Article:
G.S. Mudur


Notwithstanding the generally acclaimed booming economy of India, the country is the home of the largest number of hungry people, worse than Sudan, Nigeria and Cameroon. Within India, Gujarat touted as the most prosperous state is only second to Chhattisgarh in hunger score.


New Delhi, Oct. 14: India has worse hunger levels than Sudan, Nigeria or Cameroon, and economic growth in some Indian states hasn’t translated yet into lower hunger, according to reports released today.


The Global Hunger Index 2008, an effort to assess hunger worldwide, has ranked India 66 among 88 developing countries — higher than Bangladesh, but lower than all other South Asian countries and several sub-Saharan African nations.


The assessment by the International Food Policy Research Institute and other collaborating institutions has found that 12 out of 17 states in India have alarming levels of hunger — the most severe level observed in Madhya Pradesh, followed by Jharkhand and Bihar. Punjab, Kerala, and Haryana have the highest proportion of not-hungry populations.


Researchers calculated the hunger levels by assessing three parameters — infant mortality rate, the proportion of population consuming food below a specified calorie intake, and the proportion of children below five years underweight.


The researchers classified a score of 10 to 19 as “severe”, 20 to 29 as “alarming” and 30 and above as “extremely alarming”. Bengal falls in the “alarming” category.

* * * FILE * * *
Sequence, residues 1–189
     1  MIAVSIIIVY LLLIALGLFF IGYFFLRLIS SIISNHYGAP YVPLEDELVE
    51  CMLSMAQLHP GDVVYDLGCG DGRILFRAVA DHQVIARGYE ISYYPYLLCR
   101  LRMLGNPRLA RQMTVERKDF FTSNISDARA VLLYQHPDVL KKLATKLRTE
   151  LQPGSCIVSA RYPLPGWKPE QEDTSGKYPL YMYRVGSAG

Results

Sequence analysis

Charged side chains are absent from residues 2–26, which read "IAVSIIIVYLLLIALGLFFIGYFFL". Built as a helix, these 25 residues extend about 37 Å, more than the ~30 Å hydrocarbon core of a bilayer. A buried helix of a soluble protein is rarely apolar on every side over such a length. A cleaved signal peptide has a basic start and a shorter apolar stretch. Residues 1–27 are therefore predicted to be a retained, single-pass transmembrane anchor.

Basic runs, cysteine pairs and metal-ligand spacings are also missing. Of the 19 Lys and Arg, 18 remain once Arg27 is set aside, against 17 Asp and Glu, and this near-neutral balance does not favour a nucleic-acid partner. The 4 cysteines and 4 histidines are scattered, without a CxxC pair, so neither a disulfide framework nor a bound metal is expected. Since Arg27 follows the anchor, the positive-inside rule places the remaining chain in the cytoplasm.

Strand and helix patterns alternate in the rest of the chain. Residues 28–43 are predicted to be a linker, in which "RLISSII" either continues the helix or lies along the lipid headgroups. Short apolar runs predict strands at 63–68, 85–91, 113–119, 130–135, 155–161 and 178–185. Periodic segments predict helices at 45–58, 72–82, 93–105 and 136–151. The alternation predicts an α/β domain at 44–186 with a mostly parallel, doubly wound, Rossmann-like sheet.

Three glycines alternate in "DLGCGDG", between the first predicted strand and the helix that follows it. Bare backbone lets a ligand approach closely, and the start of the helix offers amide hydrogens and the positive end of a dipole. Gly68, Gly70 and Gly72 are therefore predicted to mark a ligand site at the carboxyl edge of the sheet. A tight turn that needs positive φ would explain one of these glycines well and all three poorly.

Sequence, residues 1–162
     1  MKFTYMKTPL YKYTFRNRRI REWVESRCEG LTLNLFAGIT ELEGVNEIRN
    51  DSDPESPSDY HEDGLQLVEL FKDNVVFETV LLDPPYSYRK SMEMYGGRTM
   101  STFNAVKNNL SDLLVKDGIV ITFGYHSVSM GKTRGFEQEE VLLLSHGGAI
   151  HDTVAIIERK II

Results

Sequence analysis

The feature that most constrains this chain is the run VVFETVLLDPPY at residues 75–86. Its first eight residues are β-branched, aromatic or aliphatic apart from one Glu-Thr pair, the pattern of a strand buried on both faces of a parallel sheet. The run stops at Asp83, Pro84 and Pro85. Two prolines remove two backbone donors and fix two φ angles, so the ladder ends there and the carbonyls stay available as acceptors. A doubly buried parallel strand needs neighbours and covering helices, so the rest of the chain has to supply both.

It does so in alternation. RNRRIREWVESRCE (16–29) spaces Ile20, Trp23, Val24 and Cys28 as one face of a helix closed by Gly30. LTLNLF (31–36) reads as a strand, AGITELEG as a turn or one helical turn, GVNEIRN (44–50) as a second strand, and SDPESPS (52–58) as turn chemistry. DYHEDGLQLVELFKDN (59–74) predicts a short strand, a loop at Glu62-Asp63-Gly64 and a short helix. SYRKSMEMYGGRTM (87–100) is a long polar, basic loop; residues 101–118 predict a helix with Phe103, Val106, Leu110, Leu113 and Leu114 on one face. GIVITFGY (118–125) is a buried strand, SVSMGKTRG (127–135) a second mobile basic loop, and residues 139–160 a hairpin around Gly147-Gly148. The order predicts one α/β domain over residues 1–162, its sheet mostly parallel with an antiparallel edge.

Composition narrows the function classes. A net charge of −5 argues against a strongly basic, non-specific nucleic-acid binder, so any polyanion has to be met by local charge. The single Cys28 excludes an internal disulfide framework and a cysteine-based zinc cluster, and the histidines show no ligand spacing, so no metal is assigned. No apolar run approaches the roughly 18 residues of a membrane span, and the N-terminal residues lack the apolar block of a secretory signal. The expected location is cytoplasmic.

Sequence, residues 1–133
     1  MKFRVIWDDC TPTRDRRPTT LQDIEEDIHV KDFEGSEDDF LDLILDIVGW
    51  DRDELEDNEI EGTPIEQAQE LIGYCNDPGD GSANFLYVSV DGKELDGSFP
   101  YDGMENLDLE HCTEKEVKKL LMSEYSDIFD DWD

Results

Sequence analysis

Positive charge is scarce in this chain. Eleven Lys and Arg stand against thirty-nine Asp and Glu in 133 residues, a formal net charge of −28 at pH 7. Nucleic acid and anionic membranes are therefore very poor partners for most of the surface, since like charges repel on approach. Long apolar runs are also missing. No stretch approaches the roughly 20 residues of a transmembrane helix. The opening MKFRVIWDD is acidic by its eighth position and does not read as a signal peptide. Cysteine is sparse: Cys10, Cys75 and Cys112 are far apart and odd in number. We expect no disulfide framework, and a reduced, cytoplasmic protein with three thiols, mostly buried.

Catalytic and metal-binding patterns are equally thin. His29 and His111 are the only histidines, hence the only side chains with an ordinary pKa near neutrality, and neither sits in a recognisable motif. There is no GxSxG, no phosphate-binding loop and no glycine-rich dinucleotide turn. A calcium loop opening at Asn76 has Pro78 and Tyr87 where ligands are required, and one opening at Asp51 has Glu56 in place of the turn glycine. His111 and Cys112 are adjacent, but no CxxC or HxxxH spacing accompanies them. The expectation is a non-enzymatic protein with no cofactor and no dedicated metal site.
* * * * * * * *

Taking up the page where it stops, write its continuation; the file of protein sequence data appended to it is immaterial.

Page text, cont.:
The India Hunger Index 2008, a related report released by the same institute, has found high hunger levels in Maharashtra and Gujarat with strong economic growth in recent years. But states with relatively lower growth such as Punjab had lower hunger, according to the report.


“Under-nutrition among children contributes significantly to hunger in India. Poverty removal does not automatically translate into better nutrition for children,” said Purnima Menon, a research fellow at the IFPRI and the author of the India report.


The analysis has shown that hunger levels have declined in India from a hunger score of 32.5 in 1990 to 23.7 in 2008. “But hunger persists and it is still serious,” Menon said.


“I think the most important finding is the lack of correlation between economic growth and reduced hunger in some states,” said Berhard Hoeper, the regional director in South Asia with Welthungerhilfe, a non-government agency based in Germany.


The researchers said more studies would be required to interpret this finding.  “It’s possible that there’s a need for more nutrition education in some prosperous states,” Hoeper said. “Perhaps households lay more emphasis on consumer goods rather than on better nutrition.” Menon said the findings are intended to guide policy on nutrition.


“Children need to be ideally reached out with good nutrition between birth and two years of age, but the existing child nutrition programmes aren’t focused enough on this age group,” Menon said.


India Index (The lower the score, the lower the hunger)


Punjab 13.6


Kerala 17.7


Hatyana 19.5


Assam 19.8


Andhra 20.0


Uttar Pradesh 20.9


Tamil Nadu 21.0


Rajasthan 21.0


West Bengal 22.2


Karnataka 22.8


Orissa 23.7


Maharashtra 23.8


Gujarat 24.7


Chhattisgarh 26.6     


(The Telegraph, Kolkata, October 15, 2008)

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